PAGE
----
Gain an understanding of the funding landscape and history in your state/community and its history. EdTrust is a good place to start in that it provides an analysis of educational funding equity for all 50 states.  Additionally, the Alliance for Resource Equity provides a useful framework for examining funding equity.

Gain an understanding of the connections between educational investments, human capital development, and economic development. Enlist stakeholders from a range of sectors including private sector, secondary education, workforce/economic development, community leaders, legal experts, and higher education. You can find a great toolkit available from the American Institute for Research on stakeholder engagement, specifically focused on equity.

Given that the majority of the educational reforms that have been implemented have occurred through court action, it is imperative to understand the both the constitutional guarantees and legal history of education in your community.

 

Innovations Across America

Ohio | Ohio Fair School Funding Plan 

Action Space: State and Local  

Cost: $12.4 billion. However, prior to 2018, no state allocation existed. The new formula blends state and local funding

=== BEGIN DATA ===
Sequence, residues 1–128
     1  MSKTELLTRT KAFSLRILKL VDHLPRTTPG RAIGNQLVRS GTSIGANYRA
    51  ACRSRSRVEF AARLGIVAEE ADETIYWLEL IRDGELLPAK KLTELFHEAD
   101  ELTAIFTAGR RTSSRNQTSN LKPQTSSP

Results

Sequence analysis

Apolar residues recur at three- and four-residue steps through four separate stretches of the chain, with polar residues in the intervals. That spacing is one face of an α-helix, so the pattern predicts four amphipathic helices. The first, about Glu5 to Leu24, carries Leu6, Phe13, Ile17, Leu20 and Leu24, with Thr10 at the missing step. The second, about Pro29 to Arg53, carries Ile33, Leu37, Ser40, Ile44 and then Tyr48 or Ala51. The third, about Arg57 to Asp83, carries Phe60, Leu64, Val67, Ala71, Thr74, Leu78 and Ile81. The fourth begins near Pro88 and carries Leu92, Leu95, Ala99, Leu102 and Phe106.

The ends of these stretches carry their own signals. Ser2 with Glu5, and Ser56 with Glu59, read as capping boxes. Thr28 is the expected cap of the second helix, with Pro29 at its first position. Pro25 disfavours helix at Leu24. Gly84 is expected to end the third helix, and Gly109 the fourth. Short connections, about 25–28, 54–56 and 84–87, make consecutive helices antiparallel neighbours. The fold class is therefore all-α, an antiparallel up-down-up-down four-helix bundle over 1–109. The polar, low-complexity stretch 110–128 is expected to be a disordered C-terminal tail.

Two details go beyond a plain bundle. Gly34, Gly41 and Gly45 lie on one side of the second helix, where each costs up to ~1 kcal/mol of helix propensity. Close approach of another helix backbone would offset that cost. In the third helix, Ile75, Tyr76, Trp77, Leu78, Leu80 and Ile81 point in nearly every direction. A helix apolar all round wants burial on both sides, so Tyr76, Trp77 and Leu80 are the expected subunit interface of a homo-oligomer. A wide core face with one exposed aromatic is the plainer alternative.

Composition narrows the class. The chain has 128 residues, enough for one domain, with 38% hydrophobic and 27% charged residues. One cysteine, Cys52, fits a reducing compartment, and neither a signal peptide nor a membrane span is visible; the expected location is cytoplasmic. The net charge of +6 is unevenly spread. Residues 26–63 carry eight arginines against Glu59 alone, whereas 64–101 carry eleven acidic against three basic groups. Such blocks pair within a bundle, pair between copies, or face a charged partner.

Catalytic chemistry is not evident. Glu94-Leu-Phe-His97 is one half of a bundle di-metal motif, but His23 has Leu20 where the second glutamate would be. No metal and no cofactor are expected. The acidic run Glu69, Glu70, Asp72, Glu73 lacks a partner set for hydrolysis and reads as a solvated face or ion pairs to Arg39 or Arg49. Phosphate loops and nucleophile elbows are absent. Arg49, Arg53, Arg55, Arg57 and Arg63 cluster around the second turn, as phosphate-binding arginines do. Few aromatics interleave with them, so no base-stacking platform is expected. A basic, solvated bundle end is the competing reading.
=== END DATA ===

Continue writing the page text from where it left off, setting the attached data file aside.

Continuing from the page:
Mechanism: Court Action and Enabling Legislation 2020 HB 305 

The Fair School Funding Plan allocates funding to local communities and makes significant changes to school funding.

  • The plan calculates the equitable portion of the state and local share to fund public education in each community and disrupts the historical over-reliance on local taxes.  The plan also calculates the actual base cost to adequately educate each child, as well as the cost to adequately educate students with different needs (economically disadvantaged, students with disabilities, gifted students, etc.)
  • The plan allows for greater local control and more predictability in state allocations to local communities.

 

New Jersey | 2018 School Funding Modernization Plan 

Action Space: State Level 

Cost: Varies by year 

Mechanism: Enabling Legislation 2018-19 SB2